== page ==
In the wake of HBO’s phenomenally successful mini-series Chernobyl, a slew of articles have appeared along the lines of ‘Facts vs Fiction’, ‘Moments the show got wrong’, ‘How much of Chernobyl is true?’ ‘What the mini-series gets right’ ‘Separating fact from fiction’, and so on. How can a series that talks so much about truth and lies take so many liberties with ‘truth’? Why are there so many apparent inaccuracies and what is inaccurate about it?
Well, ‘truth’ is a complicated thing – and it doesn’t always fit in to a five part television series. That’s partly why writer Craig Mazin sat down with Peter Sagal to record The Chernobyl Podcast, a series in which he goes through each episode in detail, explaining what his sources were and why he changed some things. The articles, however, continue to appear. In what ways does Chernobyl “get it wrong”, and why?
Obvious and deliberate fictionalization
Most of the elements of the series that don’t exactly match reality are not mistakes, or the results of incomplete research, but deliberate choices. Writers invent scenes, characters or incidents in order to show the audience something more clearly, to condense the story into five one hour episodes of television, and to create compelling characters the audience will want to follow throughout this story. That’s what makes something a drama series rather than a documentary. The cassette tapes left by Valery Legasov, for example, are real, but the specific dialogue read by Jared Harris is invented.
There are two main obvious and deliberate fictionalizations in the series, both of which Mazin talks about in the podcast – the creation of the character of Ulana Khomyuk, played by Emily Watson, and the presence of Valery Legasov (Jared Harris) and Boris Shcherbina (Stellan Skarsgård) at the show trial of Nikolai Fomin, Viktor Bryukhanov and Anatoly Dyatlov in 1987.
Dozens of scientists were involved in the clean-up operation after the accident, but audiences need a character they can identify and connect with, so Mazin created the character of Khomyuk to stand for all the scientists who worked on the problem. He made her female because, although women in the Soviet Union were excluded from most of the jobs held by the series’ characters (firemen, soldiers, politicians, nuclear plant operators), there were numerous female doctors, and a number of female scientists, and this is reflected in the casting of the doctors and the creation of Watson’s character. Inventing one person to stand for many not only provides some creative freedom (to have her arrested, for example) but helps the audience to focus on the story, and not on trying to remember yet another walk-on character in a white coat.
In the case of the trial, the fictionalization was necessary to wrap up the stories of Legasov and Shcherbina, and to provide a satisfying dramatic climax for the series. As shown in the first episode, Legasov took his own life two years after the accident, and Shcherbina died in 1990, so their characters are largely fictional creations inspired by records and memories of the real people. Placing them – and a large group of scientists – at the trial provides a framework for a dramatic reconstruction of the events leading up to the accident. When Legasov speaks up at the trial and is punished, this is a dramatic way of showing something that really happened but was far less televisual – his dissemination of his reports on why the accident happened among the scientific community, both before and (through the cassette tapes) after his suicide.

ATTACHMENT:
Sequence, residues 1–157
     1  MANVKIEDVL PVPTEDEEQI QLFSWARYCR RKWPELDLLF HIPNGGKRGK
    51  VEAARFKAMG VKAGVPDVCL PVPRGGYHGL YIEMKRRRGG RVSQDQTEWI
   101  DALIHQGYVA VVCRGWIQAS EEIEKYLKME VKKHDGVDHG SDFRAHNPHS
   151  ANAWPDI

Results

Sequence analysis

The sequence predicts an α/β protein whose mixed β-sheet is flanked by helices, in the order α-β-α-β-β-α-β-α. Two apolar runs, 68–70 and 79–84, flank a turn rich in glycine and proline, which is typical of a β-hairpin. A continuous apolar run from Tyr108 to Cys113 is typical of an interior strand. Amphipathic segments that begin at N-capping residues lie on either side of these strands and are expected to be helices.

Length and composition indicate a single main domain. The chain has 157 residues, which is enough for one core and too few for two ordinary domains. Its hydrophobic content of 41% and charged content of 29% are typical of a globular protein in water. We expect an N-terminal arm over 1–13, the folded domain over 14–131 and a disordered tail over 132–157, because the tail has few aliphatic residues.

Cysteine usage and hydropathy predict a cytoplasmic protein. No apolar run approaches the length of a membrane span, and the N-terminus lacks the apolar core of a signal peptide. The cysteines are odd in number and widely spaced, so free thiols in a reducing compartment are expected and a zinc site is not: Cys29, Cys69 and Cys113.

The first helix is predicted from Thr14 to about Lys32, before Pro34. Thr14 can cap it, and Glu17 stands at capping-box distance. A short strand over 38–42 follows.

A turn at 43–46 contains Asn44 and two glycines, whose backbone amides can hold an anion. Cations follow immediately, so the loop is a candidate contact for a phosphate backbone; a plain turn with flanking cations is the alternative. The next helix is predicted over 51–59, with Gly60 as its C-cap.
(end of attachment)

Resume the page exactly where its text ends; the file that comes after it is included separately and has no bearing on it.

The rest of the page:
Choosing one version from among conflicting stories
The accident at Chernobyl happened in the USSR, a state not known for being open with information, and one fact most people can agree on is that the Soviet government initially tried to cover up the severity of the damage. Several of the people most closely involved – Alexander Akimov and Leonid Toptunov in particular – died in hospital a few weeks later. Others passed away in later years, and may or may not have lied or gone into a state of denial to protect themselves anyway, like Dyatlov. One of the series’ main sources, Svetlana Alexievich’s oral history Chernobyl Prayer: Voices From Chernobyl, was collected ten years after the accident, and most other histories of the incident are more recent than that. Human memory is not a perfect thing, and if you ask four different people what happened yesterday you are likely to get four different answers, so after ten years, a certain level of unreliability creeps in.
It’s not surprising, then, that there are conflicting stories about a lot of what happened at Chernobyl. Mazin describes in the podcast how, when presented with a particularly dramatic version of events against a more mundane one, he always chose the more mundane story, since the things that we know happened are so shocking anyway. But as a dramatist, he had to choose one version over another – meaning anyone who thinks the other version is the truth, sees this choice as ‘wrong’.
For the most part, the series avoided rumor, gossip and folklore, but there are occasional exceptions. The final note about the lack of survivors from the ‘Bridge of Death’ has never been proved (or disproved). But the series happily informs its audience of the survival of the three ‘divers’, whose job had looked like a suicide mission at the time, and attempts to show the most likely version from among conflicting stories.
Subjects of scientific debate
Take a moment to mentally picture Jennifer Aniston cheerily telling you, “Here comes the science bit!”
The most controversial aspect of the show when it comes to truth and fiction is the science – the show’s depictions of the level and effects of exposure to ionizing radiation around Chernobyl, and the long-term consequences of the accident. This is where it gets really complicated.